I was at my lowest point on earth at the actual lowest point on earth. Okay- this is an exaggeration, but it was brutal.
Jerusalem might be a large melting pot of worldwide religions, but Judaism does stand out as the majority, making up 76% of the population. Therefore, even visitors who aren’t Jewish may find themselves learning about Judaism, trying some challah bread, or visiting one of the best Holocaust museums in the world.
If you know his style, it’s fairly easy to spot the work of Banksy scattered at the checkpoint into Bethlehem. If you don’t know it, the Walled Off Hotel– a pun from the Waldorf-Astoria- is an immediate giveaway. This is the starting point of a Banksy-heavy area that is continually updated with layers of paint on the checkpoint wall. A five-minute walk will cover numerous works, along with the murals of other street artists.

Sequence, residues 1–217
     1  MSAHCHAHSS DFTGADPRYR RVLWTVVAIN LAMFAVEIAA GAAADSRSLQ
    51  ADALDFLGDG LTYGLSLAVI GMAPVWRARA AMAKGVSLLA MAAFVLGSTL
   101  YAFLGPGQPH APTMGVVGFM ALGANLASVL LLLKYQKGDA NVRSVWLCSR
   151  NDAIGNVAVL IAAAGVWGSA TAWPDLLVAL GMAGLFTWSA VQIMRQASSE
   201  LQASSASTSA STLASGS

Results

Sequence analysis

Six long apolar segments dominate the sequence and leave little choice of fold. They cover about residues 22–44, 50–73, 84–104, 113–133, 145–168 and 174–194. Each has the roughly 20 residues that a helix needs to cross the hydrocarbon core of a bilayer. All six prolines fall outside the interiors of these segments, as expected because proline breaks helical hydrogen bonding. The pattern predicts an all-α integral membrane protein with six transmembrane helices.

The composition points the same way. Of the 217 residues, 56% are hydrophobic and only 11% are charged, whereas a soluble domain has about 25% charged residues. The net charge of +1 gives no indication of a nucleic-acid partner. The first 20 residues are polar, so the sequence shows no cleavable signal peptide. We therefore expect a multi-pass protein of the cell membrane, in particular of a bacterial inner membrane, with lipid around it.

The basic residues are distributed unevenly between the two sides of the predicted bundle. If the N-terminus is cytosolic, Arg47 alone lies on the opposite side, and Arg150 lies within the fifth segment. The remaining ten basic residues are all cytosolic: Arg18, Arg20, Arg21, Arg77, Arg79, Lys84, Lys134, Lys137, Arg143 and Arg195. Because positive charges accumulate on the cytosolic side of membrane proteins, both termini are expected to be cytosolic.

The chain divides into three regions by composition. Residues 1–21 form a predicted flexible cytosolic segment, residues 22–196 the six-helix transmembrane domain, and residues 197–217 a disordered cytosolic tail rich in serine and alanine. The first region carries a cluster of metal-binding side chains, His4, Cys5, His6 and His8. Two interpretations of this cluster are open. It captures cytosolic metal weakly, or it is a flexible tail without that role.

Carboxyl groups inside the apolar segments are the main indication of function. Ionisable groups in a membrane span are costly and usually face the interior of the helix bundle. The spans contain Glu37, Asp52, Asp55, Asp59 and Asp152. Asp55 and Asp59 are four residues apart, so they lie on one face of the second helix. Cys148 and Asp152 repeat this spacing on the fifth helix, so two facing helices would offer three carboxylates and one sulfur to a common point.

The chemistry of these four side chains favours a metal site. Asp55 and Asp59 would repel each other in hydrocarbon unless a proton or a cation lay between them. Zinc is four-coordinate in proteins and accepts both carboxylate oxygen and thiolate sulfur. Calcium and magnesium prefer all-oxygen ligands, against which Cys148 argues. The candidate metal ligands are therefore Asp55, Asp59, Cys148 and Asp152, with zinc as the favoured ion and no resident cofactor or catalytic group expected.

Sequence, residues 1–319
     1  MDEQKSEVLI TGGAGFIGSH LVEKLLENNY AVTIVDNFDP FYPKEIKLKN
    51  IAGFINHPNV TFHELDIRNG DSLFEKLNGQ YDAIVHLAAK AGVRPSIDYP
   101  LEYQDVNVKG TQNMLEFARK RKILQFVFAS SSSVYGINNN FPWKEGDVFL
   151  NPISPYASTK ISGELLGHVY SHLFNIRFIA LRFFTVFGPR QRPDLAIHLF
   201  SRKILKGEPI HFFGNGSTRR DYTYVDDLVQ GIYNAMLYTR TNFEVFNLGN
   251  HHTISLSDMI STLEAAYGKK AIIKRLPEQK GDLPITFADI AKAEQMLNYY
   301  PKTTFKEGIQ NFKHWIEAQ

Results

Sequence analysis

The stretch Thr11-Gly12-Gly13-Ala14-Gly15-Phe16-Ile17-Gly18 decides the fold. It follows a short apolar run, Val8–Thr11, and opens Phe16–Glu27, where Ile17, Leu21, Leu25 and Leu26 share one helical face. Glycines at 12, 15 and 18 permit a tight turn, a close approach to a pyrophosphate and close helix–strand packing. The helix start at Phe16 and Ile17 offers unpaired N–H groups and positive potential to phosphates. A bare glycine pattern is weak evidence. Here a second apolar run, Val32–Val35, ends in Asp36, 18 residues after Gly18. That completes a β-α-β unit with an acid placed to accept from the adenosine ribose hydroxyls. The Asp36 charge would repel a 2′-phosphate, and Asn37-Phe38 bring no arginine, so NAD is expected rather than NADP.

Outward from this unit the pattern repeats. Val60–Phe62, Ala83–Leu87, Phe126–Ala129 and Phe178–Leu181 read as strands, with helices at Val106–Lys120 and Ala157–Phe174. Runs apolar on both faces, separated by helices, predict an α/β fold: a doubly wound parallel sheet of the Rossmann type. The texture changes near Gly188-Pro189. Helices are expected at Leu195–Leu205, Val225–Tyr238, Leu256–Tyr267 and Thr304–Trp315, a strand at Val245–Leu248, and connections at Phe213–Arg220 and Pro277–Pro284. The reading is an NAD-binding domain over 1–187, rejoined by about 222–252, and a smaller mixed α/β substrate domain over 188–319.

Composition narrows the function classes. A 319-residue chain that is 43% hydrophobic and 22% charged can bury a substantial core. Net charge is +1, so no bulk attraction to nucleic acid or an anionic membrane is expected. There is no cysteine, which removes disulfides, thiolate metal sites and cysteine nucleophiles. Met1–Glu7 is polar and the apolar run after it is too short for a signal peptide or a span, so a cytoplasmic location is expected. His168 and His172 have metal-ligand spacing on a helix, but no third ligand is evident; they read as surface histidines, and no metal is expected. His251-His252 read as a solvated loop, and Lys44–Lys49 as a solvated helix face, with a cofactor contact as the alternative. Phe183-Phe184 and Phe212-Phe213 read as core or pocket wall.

There is no such thing as downhill in Jerusalem. The entire city is uphill- it seems that way, anyway. While it is not overly large, the steep climbs on slippery stones quickly create glutes of steel. So, it’s best to get savvy with some public transportation.
After hours of online searching, I found Elijah Tours for a 1-day Bethlehem/ Dead Sea tour. They were the most affordable with the best time options, so I went with it. Here is how our very impressive day went: